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Study: Congo Basin Tribe Uses Medical Cannabis

Bill Weinberg

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The Slog blog makes note of a new report from anthropologists at Washington State University which appeared in the American Journal of Human Biology, entitled: "High prevalence of cannabis use among Aka foragers of the Congo Basin and its possible relationship to helminthiasis." 

The research found that roughly 95 percent of Aka men smoke tobacco (compared to 17 percent in Black Africa and 31 percent globally) and 68 percent smoke cannabis—both of which are correlated with lower rates of helminths, or parasitic worms. The Aka didn't tell researchers they smoke to prevent helminths, but to "increase their courage on a hunt, dance better, increase their vital force, or to increase their work capacity when working for Europeans or village people." They say cannabis is especially helpful when hunting elephants, and that women prefer husbands who smoke—which could account for the especially high rates of male smoking. But the researchers surmised that plant toxins in cannabis and tobacco alike serve to protect the Aka from parasites, and they are unconsciously self-medicating with the herb.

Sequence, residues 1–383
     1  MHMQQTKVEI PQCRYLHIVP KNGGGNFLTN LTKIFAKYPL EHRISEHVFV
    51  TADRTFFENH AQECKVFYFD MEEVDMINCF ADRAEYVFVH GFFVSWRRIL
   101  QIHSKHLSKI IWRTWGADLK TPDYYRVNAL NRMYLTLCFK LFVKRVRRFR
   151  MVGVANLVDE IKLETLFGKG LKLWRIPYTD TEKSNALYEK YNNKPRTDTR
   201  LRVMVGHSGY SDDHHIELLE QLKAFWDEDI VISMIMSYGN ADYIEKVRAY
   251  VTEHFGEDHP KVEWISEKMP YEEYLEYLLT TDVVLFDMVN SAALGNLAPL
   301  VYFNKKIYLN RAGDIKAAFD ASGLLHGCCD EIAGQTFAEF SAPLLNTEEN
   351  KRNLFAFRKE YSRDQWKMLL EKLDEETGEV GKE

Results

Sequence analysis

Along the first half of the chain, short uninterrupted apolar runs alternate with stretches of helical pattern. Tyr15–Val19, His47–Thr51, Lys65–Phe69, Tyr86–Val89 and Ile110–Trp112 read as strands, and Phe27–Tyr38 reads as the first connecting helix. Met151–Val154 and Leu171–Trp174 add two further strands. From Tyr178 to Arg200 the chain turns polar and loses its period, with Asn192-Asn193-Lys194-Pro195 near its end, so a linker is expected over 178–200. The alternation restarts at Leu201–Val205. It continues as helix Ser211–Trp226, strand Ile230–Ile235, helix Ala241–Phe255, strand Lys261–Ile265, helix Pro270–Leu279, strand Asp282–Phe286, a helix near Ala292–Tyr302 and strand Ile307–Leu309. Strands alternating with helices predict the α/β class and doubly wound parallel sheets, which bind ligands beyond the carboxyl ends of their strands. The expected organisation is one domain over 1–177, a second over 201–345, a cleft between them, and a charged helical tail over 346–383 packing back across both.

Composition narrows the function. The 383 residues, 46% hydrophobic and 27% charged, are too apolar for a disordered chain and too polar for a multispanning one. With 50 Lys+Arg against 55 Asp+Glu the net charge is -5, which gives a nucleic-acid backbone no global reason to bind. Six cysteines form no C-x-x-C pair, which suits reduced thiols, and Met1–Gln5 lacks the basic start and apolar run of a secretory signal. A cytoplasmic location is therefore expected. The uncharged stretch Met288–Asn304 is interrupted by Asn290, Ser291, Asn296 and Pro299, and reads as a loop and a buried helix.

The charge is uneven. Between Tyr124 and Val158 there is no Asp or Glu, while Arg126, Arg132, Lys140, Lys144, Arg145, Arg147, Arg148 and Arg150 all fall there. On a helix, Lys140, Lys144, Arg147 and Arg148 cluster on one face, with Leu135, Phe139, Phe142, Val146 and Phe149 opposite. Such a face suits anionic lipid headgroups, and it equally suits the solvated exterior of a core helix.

The EveryCulture website informs us that the Aka are better known to the outside world as a "pygmies"—although that word is now considered disrespectful. They live in the tropical forests that straddle the border of the Democratic Republic of Congo and the Central African Republic.

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